scheduled maintenance & two tools I love

I did some maintenance yesterday at a local park.

watering the house battery

My house batteries are fine getting watered 1x/month.  It’s super easy with one of those battery filler thingies.  I love mine.

The filler doesn’t spill or drip, and automagically shuts off when the cell is has enough.  It makes a “bloop bloop bloop” sound I use to judge whether the cells are using water evenly.  These two things make it possible to fill the battery blind, where you can’t see into the cells themselves.   Useful in van builds where battery banks are often hidden away.

Time consumed: 4 minutes.

watering the starter battery

When I was wiring in the battery doctor voltage-sensing isolator  in May 2017 I noticed the under-the-floorboard starter battery seemed to have removable cell caps.  Maybe.  Possibly.  I made a mental to look at it someday.

Since I had the waterer out and it was a nice day I decided to check on those promising cell caps.  Two of the six were accessible without disassembling a byzantine arrangement of hold-downs, power distribution blocks, and cleverly hidden fasteners.

I filled the two accessible cells;  the plates were still covered well by electrolyte.  These cells needed about a dozen bloops each.  That’s about what my house bank cells need when I refill them every 1.5months.

The battery is 2.5 years old now so it’s not surprising it needed topping off.   It is a bit surprising it needed so little water to get back to full.  Factors (this is the dorky stuff I think about instead of having a social life):

  1. starter batteries don’t ever really get fully charged, as they don’t reach Absorption voltage (Vabs) where the significant outgassing occurs.  My van’s alternator typically runs at 13.4v - 13.6v, basically a mid-range Float voltage (Vfloat).  I have seen it as low as 13.2v and as high as 14.1v on rare occasions.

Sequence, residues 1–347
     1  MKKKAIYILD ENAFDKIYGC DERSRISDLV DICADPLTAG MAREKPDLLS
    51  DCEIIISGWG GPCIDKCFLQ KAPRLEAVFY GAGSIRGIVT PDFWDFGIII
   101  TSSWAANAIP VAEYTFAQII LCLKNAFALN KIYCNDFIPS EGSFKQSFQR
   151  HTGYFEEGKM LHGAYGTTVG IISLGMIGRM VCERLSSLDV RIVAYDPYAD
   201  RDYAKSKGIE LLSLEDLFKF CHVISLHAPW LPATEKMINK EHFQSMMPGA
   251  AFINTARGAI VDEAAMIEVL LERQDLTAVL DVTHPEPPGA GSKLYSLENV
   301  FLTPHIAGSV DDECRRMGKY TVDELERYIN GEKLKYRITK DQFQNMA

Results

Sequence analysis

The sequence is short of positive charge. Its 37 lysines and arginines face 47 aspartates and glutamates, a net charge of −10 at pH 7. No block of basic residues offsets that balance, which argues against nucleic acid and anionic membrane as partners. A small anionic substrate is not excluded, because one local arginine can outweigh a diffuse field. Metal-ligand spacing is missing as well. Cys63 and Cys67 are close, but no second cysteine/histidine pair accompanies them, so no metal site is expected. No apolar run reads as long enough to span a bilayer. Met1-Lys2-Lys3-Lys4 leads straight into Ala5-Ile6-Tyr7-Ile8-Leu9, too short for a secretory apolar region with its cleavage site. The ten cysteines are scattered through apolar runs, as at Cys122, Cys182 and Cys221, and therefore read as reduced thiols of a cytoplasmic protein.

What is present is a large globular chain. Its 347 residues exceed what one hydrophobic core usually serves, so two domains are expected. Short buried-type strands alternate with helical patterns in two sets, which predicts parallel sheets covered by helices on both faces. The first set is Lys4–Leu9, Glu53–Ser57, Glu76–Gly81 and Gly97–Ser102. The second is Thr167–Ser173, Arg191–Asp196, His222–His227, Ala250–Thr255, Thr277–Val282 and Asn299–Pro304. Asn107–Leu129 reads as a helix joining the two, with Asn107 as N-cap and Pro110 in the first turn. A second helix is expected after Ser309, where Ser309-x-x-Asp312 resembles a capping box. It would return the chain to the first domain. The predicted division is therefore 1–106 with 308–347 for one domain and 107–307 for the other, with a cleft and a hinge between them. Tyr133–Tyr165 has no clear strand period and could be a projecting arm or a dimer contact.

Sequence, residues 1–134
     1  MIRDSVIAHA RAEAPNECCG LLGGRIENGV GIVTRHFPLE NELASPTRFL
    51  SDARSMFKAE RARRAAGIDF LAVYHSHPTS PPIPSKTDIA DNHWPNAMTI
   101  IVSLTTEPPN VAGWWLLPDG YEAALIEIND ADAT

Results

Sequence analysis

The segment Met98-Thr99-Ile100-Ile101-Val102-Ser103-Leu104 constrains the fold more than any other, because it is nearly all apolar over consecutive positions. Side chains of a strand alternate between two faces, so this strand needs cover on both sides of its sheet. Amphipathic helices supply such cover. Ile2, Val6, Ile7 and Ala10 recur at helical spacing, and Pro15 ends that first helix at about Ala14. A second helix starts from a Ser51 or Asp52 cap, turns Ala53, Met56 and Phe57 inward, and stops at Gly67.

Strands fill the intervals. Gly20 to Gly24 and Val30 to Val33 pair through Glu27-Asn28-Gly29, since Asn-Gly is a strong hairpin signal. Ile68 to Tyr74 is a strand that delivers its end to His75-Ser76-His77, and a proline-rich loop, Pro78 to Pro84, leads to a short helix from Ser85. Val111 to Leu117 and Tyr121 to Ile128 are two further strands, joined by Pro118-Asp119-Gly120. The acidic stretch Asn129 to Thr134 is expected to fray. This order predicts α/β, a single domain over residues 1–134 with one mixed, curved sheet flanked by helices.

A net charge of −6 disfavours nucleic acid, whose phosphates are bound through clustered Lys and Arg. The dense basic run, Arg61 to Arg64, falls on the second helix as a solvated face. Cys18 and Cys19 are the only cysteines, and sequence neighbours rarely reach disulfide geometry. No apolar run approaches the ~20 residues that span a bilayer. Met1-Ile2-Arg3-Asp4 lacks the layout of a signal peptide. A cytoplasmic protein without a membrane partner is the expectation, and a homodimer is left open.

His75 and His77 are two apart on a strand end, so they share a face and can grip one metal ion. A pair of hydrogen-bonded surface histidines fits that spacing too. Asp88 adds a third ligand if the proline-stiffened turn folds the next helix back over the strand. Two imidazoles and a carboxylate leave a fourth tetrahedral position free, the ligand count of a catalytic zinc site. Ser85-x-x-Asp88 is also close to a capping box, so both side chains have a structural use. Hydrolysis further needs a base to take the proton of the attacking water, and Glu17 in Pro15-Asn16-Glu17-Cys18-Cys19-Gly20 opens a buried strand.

2. BUT I added in the previously-mentioned isolator, which has the effect of tying chassis power to the higher voltage solar config.  So it could be getting to Absorption.

  3. BUT then to keep it from backfeeding (and for future reasons) I added a High Voltage Disconnect which breaks the isolator circuit above 13.8V.

It would be interesting to know if the majority of outgassing occurred during Step 2.

Oil change

Per the ECU’s oil timer the van told me it was time to swap out the motor oil.  I use the appropriate-spec oil in synthetic formulation.  It’s not that much more expensive if you catch it on sale at walmart or amazon.

At each change I have pulled a sample for oil analysis. Partly because I’m a geek, partly because the van is my home and I’d like to know how it’s doing, and also this is the first vehicle I’ve owned that still was under warranty.  The coverage is up late 2019 so if anything goes sideways I want to catch it in time for warranty repair.  So far (four changes) all the samples have yielded good news.

[caption id=”” align=”alignright” width=”90”] upside down in this pic[/caption]

Oil changes can be messy, and pulling a sample even moreso.  Luckily before the first oil change I bought a Fumoto oil drain valve and installed it when changing that first time.

The valve has a nipple to put a 3/8th” hose on (at least on mine).  So I slip a few inches of hose on there and place the other end in the oil catchment container.  Zero drips, zero spillage. On/Off control for pulling samples, bleeding off excess, or changing catchment.   I’ll never go back to dropping a filler bolt into a pan of used oil.